I am a great fan and admirer of Real life Photography.
By this I don’t mean, wedding, modelling or any type of formal photography shoots. My definition of “Real Life Photography” comes under the definition of Street Photography. Some may argue and differ.
There are Great photographers out there that have amazing skills in the studio and those who capture important images in weddings.
But for me, there is nothing more challenging then taking images of drug users, homeless people, social issues and images around social injustice. Because 9 out of 10, you are out of your comfort zone.
Lately, I did a project on Real Life Photography, and pushed the concept a little further. Not only to push myself, but to do something that is not often done.
I wanted to shoot something that was taken for granted, day in day out! By this I mean, photographing the core of the community services, like the Milkman, barbershop, restaurants, supermarkets etc. Do you see where I am coming from?
I stepped back and decided to photograph something in the Bradford community that was taken for granted, but yet important.
Why not? I was born in Bradford and reside here. I know the community and what makes it tick.
I stepped back a little, and decided to shoot a Real Life Photography project on, “The Butchers of Bradford”.
Living in the heart of the Asian community, and knowing that Halal meat is always an issue, I decided to go ahead and do an intimate shoot of the Asian Butchers in their Just like the milkman, the bin men and the postman we just take them for granted. Yet they are core services that we rely on and are the heart of the community.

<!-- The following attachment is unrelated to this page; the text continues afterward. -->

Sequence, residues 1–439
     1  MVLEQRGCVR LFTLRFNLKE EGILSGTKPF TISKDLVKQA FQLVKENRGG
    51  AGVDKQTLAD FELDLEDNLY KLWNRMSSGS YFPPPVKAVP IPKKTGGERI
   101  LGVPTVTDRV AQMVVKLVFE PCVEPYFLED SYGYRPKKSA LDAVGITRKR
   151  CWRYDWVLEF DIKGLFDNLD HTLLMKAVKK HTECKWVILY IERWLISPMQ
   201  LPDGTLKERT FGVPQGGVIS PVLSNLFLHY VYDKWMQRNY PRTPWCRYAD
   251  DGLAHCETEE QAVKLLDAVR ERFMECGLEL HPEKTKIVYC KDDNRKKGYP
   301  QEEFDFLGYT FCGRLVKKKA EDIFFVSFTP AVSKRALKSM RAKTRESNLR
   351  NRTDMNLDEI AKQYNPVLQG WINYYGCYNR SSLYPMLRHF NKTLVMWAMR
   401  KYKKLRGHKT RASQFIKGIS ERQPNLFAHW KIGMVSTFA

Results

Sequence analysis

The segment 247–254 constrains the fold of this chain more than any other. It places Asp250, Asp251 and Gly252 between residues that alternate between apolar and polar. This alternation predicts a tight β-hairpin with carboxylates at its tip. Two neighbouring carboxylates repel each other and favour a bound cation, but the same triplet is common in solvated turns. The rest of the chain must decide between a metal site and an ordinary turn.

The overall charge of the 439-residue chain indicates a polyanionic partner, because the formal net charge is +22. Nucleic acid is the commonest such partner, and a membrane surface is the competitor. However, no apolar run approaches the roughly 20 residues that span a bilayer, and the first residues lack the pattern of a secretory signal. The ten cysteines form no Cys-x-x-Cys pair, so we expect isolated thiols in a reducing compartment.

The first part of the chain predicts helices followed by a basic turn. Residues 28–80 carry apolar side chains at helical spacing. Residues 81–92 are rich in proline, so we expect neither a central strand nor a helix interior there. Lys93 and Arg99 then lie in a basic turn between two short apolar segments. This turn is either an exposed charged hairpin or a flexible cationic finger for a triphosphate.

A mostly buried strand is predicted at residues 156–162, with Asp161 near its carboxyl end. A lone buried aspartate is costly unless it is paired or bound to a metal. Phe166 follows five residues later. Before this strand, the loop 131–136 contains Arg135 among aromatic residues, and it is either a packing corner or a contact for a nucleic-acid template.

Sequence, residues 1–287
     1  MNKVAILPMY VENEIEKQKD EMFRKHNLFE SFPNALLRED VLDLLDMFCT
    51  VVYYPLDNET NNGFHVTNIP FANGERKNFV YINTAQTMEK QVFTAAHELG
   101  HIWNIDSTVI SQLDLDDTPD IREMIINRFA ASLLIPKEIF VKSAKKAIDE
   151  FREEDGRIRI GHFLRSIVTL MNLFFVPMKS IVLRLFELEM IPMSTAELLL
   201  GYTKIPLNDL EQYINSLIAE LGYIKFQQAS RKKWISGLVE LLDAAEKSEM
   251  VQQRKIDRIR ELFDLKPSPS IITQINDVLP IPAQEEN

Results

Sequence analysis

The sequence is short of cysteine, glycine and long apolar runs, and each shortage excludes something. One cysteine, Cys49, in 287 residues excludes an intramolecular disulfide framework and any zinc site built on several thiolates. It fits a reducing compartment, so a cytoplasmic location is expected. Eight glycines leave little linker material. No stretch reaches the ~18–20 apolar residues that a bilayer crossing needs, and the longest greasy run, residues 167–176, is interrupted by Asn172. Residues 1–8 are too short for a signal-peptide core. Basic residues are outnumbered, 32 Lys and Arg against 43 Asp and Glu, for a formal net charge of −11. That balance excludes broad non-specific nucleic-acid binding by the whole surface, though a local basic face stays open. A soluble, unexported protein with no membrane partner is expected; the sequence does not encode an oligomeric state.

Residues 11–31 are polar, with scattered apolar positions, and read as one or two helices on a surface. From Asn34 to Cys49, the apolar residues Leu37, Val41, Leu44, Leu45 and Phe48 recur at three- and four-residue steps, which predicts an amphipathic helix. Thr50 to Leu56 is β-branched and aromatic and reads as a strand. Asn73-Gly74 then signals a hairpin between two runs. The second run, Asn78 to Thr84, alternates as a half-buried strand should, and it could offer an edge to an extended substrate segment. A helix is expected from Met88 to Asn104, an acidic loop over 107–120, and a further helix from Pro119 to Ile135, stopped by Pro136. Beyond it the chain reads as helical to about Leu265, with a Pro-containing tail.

Not only did I want to photograph the Butchers working in their environment, but I wanted to shoot the images to show the grittiness and the gore.
There was no doubt that the images had to be shot in colour and had to be close up of the meat, and the butchers. I also wanted to shoot this subject in a more unorthodox, so I did some searching in Google images. After viewing what was out there on the world wide web, I shot the images totally different.
Not only was it difficult to shoot the images close up, but it was not easy getting access to the back counter where the Butchers worked. This was due to the fact of the trust factor. There was always the suspicion that I was the health inspector from the council that had a camera.
Once I persuaded one Butcher shop of my intentions, then the rest was pretty much plain sailing. All I did was to put some of my Butcher images on my tablet and displayed that to them. They were pretty intrigued!
The environment where the Butchers normally worked can be small, congested and placed with dangerous meat cutting machines/knives. I simply couldn’t use my large DSLR.
For this project, I used my trusty Ricoh GR. A great discrete camera with a 18.3mm (28mm equivalent) f/2.8 lens. This camera was very handy for the project, as it is small and great for taking angle shots in confine places. Here is a link to the GR Ricoh
It took me around 9 months, and photographed around ten Butchers in Bradford.
Hence, I am now a proud owner of a small body of work that not many others have done.
Attached to this article, I have put a few images in a slide show to give you an idea of what my vision was when photographing this project.
I am interested in any feedback and comments.